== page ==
The Europeans and Japanese call alternators dynamo's, the AC can be internal or external rectified to DC. Most small dynamo's use external rectifiers.

    george, keoke

  9. #9

    Join Date
    Feb 2001
    Posts
    73
    Location
    Kansas
    Tractor
    John Deere 4300

    Default Re: Charging system problem, I think!

    "I'll take a geuss and say your engine has the fuel solenoid that continuously holds the fuel shut-off in the open position" !!!
    Yes kubmech it does but i didn't think that would draw that much! and yes it does have an external voltage reg and beilieve it or not ,I can get a meter to the output wire on it.That is were I tested voltage at.Voltage at full throttle=14.5volts..Voltage at idle =13.5 volts..I guess i am going to have to put am ammeter "in line"right at the voltage reg output.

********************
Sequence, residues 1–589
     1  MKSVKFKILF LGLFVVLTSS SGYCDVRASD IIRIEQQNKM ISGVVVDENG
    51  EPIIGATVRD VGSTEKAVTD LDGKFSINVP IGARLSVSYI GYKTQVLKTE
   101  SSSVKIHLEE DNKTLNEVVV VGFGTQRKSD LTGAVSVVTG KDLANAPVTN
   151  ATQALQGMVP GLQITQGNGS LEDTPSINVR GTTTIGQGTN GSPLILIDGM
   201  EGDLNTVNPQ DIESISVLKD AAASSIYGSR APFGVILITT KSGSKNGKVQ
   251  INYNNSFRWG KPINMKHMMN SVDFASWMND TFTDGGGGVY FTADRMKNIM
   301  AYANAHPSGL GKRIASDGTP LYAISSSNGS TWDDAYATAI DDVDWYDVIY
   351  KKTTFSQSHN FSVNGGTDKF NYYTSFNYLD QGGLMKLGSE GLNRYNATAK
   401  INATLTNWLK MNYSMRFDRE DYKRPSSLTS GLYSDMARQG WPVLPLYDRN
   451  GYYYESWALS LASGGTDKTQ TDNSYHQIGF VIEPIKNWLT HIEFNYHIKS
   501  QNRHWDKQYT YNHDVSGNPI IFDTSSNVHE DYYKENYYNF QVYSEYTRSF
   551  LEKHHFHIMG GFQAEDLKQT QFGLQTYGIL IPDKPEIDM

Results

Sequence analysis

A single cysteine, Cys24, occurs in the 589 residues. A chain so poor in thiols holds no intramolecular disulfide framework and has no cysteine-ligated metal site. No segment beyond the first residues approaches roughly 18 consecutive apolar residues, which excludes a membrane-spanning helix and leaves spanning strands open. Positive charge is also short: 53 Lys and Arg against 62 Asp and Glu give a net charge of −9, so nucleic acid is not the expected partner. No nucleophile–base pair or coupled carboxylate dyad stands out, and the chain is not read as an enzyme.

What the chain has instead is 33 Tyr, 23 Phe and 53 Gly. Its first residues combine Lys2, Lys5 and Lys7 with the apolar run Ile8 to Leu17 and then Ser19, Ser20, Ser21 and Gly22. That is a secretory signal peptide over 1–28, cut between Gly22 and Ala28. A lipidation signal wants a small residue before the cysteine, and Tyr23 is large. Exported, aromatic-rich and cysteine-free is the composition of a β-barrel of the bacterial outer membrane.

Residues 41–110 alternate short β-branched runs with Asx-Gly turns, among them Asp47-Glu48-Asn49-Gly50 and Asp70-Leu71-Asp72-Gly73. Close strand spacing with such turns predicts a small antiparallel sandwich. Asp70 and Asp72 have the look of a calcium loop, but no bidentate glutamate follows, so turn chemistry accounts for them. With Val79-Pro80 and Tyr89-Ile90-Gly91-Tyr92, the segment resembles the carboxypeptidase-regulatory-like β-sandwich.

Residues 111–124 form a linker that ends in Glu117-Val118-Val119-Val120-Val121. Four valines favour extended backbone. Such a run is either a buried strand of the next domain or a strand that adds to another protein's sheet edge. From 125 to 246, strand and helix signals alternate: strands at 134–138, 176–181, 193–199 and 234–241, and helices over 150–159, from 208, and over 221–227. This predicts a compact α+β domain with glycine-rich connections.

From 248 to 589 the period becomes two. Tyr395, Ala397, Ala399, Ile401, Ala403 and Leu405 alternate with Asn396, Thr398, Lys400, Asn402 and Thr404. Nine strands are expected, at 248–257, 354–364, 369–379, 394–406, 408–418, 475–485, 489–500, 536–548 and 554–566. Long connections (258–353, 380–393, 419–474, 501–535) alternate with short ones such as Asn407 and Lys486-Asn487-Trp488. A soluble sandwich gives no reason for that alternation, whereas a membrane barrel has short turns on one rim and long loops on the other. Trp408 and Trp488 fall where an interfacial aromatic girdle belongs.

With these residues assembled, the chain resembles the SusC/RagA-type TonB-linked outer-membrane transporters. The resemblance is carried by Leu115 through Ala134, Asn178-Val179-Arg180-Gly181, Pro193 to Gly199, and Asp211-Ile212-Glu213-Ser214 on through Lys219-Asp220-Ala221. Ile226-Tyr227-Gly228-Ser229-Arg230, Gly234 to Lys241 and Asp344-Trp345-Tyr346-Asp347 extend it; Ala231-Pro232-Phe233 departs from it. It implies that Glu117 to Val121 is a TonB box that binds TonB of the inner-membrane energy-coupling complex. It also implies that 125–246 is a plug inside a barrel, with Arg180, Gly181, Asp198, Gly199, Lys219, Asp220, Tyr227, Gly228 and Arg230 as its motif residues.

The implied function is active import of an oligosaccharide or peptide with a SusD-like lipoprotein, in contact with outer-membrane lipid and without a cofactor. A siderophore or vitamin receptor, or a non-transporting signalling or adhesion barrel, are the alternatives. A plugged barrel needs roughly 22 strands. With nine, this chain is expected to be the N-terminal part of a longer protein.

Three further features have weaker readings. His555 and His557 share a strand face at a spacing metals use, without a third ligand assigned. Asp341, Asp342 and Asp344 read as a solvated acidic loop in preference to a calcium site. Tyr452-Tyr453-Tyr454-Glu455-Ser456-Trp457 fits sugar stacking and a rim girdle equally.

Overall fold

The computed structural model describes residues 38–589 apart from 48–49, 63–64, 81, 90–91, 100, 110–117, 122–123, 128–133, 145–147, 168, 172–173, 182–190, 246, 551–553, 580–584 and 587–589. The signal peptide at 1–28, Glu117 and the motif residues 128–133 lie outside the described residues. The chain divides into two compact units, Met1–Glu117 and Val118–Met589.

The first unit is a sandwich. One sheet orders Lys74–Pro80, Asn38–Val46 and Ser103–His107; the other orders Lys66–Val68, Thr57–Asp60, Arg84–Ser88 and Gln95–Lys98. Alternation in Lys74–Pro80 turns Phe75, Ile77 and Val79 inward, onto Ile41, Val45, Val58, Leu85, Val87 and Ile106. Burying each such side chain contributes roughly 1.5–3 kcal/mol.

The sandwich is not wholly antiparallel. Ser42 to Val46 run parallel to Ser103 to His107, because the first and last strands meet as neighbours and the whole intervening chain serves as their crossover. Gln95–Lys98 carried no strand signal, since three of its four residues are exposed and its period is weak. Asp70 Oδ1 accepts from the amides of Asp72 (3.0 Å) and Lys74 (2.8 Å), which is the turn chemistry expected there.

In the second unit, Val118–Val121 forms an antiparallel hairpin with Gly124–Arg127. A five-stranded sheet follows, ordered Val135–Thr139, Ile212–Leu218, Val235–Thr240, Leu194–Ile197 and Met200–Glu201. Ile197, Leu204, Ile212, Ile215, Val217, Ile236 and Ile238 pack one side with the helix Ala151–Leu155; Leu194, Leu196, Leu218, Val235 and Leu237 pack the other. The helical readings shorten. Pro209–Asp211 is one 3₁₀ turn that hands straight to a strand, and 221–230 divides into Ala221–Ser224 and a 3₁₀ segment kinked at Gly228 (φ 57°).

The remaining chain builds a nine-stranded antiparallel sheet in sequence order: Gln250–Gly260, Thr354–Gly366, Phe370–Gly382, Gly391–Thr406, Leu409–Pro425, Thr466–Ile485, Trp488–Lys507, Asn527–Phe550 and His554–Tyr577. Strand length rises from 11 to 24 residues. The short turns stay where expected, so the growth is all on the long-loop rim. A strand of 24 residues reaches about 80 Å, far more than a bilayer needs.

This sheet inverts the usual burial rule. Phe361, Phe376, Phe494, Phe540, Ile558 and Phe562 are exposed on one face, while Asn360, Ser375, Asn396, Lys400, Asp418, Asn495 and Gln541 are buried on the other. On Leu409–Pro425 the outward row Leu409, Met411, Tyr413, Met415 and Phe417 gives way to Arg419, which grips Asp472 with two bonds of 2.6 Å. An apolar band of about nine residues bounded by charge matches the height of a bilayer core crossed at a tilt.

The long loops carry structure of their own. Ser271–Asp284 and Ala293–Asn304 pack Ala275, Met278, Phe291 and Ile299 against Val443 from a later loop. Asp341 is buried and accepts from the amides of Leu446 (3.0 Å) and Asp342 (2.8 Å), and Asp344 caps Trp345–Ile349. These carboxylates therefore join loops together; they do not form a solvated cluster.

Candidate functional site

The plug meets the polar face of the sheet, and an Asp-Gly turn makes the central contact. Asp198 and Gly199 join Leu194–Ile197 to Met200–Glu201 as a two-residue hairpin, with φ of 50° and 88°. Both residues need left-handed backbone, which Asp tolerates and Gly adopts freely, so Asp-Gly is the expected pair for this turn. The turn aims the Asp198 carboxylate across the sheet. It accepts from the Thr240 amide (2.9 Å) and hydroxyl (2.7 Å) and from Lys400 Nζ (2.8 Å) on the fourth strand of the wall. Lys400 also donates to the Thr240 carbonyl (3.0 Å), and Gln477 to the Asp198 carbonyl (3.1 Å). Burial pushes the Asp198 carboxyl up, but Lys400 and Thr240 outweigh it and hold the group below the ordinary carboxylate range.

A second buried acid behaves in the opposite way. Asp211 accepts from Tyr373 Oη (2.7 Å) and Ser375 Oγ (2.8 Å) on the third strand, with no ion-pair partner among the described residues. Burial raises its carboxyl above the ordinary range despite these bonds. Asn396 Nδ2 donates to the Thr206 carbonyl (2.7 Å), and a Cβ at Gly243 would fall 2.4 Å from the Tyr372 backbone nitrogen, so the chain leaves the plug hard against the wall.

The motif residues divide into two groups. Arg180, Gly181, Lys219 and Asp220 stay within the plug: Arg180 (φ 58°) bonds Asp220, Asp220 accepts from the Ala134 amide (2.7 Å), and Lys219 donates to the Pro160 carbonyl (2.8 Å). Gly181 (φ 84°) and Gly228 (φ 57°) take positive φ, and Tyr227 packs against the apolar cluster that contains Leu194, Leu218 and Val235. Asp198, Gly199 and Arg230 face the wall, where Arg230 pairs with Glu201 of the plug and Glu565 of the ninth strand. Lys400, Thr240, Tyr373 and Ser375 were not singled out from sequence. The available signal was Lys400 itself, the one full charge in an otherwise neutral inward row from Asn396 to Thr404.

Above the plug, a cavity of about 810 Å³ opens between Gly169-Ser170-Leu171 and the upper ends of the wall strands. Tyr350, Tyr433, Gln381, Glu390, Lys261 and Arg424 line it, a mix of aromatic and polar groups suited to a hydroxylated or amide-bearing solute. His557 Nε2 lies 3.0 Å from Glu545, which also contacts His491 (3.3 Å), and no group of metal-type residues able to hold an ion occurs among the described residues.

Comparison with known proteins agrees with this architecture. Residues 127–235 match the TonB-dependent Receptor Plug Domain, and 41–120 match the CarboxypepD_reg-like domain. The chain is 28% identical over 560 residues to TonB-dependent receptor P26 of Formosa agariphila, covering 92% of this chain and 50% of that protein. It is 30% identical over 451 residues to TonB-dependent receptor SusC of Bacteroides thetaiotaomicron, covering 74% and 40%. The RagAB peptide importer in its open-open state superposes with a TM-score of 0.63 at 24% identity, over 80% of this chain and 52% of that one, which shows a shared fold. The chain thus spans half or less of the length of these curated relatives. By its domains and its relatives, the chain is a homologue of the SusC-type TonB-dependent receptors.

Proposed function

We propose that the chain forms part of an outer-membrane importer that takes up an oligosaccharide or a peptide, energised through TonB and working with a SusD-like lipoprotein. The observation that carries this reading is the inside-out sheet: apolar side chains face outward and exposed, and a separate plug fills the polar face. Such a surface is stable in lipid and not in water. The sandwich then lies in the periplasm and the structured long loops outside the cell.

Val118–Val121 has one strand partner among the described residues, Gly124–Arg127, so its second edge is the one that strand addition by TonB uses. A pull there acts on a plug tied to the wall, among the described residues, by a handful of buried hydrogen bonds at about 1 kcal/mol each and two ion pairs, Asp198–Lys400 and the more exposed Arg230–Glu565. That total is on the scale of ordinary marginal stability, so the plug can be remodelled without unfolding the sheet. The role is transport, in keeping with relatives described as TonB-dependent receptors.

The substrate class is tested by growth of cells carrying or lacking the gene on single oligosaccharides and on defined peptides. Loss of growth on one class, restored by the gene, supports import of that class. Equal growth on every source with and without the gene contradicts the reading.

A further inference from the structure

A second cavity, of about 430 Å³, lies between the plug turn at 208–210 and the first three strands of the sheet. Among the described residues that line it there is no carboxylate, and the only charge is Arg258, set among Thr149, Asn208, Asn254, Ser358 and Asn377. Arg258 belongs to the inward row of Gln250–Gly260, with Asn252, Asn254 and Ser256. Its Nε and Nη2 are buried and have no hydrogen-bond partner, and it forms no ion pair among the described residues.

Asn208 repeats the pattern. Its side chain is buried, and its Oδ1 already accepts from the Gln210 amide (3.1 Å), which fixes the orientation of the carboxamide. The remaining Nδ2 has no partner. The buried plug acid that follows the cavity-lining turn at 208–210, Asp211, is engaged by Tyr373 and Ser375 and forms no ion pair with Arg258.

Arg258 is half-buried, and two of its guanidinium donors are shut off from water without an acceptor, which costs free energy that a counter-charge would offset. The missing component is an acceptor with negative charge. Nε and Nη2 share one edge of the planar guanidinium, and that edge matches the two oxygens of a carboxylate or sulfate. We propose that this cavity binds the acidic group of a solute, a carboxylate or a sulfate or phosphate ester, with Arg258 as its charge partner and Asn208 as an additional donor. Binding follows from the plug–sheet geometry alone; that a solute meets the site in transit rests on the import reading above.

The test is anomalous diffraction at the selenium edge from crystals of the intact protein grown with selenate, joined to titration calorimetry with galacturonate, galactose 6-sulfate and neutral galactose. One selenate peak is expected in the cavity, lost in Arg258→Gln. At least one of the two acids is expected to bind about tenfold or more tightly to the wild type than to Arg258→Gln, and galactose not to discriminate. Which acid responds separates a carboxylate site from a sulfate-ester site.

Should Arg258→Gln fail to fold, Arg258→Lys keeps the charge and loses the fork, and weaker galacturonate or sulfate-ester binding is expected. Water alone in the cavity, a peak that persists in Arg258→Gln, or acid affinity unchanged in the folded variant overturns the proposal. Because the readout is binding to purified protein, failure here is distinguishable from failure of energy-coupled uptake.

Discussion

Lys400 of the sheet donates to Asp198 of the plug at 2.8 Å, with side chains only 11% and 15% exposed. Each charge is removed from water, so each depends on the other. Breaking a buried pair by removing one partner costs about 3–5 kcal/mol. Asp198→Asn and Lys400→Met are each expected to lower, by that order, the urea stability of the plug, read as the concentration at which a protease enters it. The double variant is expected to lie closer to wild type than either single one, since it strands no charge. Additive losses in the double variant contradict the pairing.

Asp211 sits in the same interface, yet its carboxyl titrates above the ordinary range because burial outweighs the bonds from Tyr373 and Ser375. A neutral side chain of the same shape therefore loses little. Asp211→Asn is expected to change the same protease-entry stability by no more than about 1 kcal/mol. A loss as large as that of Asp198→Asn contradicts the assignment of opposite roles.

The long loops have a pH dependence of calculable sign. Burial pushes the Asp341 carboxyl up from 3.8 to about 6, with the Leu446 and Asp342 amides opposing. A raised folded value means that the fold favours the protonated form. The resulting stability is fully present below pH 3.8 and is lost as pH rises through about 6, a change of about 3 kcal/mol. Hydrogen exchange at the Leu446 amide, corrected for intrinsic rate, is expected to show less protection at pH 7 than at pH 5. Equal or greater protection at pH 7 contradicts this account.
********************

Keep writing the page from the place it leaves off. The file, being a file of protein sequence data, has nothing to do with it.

I did charge the battery before i did all the tests, and I did check the voltage at the regulator output, and the voltage never drops at the regulator output wire.My friend has the same mower and has the same problem.Dealer says he has not had any other like this but would call Woods to inquire.I would just go ahead and swap the reg, but it is like Kubmech says, diagnosing is what really make a mechanic..My dad was a mechanic for 40 years before his passing and he always taught me not to be a "parts changer" but rather to diagnose the problem.. I owe all the knowlege of mechanics to him because he always made me figure out the problem, before he would come and help!!

  10. #10

    Join Date
    Feb 2001
    Posts
    73
    Location
    Kansas
    Tractor
    John Deere 4300

    Default Re: Charging system problem, I think!

    and also the pto clutch is disengaged when I was running tests so the only draw should have been the fuel solenoid..No lights or other appliances were on and since this motor does not require voltage for ignition, that should be all that is drawing juice!

Page 1 of 2 12 LastLast

Posting Permissions

  • You may not post new threads
  • You may not post replies
  • You may not post attachments
  • You may not edit your posts
  •  
© 2014 TractorByNet.com. TractorByNet is a registered trademark of IMC Digital Universe, Inc. Other trademarks on this page are the property of their respective owners.